Beyond the direct implications of its actions in the short term, Russian military activities, information operations and other engagement in the Western Hemisphere highlight the dangers to U.S. strategic interests from anti-U.S. authoritarian regimes dangerously close to our homeland, particularly regimes currently in power in Venezuela, Nicaragua, and Cuba. The examples that I have just provided show how Russia’s projection of threats leverage these regimes. They thus highlight how malign actors such as Nicholas Maduro, the Ortegas, and Miguel Diaz-Canel do not simply deprive their own people of democracy, prosperity, and basic individual freedoms and protections. Rather, their efforts to spread their authoritarian, often corrupt 41 form of government and work against U.S. interests, pose a risk that is magnified exponentially by their willingness to serve as a port of entry for Russia, a nuclear armed U.S. rival, actively engaged in threatening the U.S. in its own near abroad. 42
As a caveat, there are subtle differences in the positions of various anti-U.S. authoritarian states in acting as a gateway for Russia’s threats against the U.S. The Cuban regime of Miguel Diaz Canel, for example, like his predecessors the Castro brothers, is arguably committed to aligning with Russia in its opposition to the United States and broader geopolitical project, including selectively cooperating with it in the Western Hemisphere. 43 Nonetheless, the Diaz Canel regime is also arguably distrustful of Russia since its financial abandonment of Cuba at the end of the Cold War. 44 Correspondingly, it is cautious about being exploited by Russia to project a threat against the United States from the island in a way that could provoke a reaction that might prejudice Cuba’s interests without yielding the Cuban government clear benefits. Indeed, such Cuban caution was illustrated by its abstention in the March 2022 United Nations General Assembly vote condemning Russia’s invasion, 45 as well as its silence when, in January 2022, Russian Deputy Foreign Minister Ryabkov suggested Russia could deploy military forces to Cuba. 46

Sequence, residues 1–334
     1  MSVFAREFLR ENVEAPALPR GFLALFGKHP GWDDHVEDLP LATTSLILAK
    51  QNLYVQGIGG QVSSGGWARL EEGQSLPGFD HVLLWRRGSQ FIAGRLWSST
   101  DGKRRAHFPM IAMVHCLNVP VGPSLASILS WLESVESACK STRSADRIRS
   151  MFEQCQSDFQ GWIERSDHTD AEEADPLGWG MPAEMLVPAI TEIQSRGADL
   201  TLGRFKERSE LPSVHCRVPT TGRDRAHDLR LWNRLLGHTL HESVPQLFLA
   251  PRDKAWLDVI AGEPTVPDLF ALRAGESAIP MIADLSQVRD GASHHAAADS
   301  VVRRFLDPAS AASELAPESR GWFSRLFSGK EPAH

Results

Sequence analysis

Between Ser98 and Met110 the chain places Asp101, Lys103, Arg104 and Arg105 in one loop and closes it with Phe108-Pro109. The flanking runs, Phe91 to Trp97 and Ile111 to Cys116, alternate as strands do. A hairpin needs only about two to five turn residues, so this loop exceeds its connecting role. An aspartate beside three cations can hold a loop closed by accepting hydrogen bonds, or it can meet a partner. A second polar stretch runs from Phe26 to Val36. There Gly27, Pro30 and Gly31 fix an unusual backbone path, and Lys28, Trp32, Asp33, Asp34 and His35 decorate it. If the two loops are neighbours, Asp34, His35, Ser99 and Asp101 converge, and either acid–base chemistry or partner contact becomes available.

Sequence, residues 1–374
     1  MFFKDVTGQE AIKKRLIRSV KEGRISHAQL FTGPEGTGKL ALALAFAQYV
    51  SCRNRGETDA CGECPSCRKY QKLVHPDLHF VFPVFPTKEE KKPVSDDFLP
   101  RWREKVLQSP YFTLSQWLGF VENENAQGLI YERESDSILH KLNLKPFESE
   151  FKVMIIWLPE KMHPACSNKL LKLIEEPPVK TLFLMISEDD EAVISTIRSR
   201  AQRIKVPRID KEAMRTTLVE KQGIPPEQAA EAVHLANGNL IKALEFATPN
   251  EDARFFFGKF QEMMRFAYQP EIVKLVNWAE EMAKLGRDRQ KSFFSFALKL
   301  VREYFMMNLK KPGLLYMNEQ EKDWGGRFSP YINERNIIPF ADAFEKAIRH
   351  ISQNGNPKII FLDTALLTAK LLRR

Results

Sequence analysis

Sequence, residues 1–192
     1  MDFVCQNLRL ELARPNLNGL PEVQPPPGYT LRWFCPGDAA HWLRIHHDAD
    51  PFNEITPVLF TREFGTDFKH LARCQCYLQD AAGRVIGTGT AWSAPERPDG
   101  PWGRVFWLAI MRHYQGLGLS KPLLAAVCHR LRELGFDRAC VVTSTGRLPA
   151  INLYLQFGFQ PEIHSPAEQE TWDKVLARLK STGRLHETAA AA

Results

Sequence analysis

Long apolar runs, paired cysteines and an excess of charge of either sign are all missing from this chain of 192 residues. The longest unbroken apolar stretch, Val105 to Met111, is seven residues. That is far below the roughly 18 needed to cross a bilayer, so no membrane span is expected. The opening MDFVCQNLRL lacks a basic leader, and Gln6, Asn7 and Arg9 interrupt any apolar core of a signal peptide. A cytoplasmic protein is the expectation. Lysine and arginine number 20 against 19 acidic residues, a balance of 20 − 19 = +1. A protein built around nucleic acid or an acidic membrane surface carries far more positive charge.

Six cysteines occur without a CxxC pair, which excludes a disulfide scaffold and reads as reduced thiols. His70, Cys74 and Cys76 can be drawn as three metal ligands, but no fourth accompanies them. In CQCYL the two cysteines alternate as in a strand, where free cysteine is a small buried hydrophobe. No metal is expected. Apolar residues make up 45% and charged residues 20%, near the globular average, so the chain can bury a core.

Such nuances notwithstanding, the “enabling role” of anti-U.S. authoritarian states increases the stakes for the U.S. of the delicate political transitions currently playing out in the region. 47 Virtually every country in Latin America is in crisis. Its populations have been made more economically vulnerable by Covid-19. 48 Governments have been left with profound fiscal dilemmas after pandemic spending. 49 The inflationary effects of Russia’s Ukraine invasion 50 has hit at risk populations with steep increases in costs for food and fuel for transport, heating and cooking. New governments are facing the grave fiscal and policy dilemmas of these challenges without legislative majorities. The current political crisis and protests in Ecuador, 51 Panama, 52 Peru, 53 and previously those in Colombia, Chile, and elsewhere in the region highlight the gravity of the situation. 54 If even a portion of the region’s at-risk governments are captured by anti-democratic, anti-U.S. malign leaders, such as those presently in Venezuela, Nicaragua and Cuba, Russia’s options to undermine and threaten the U.S. in the hemisphere, along with U.S. rivals Iran and China, will expand dangerously.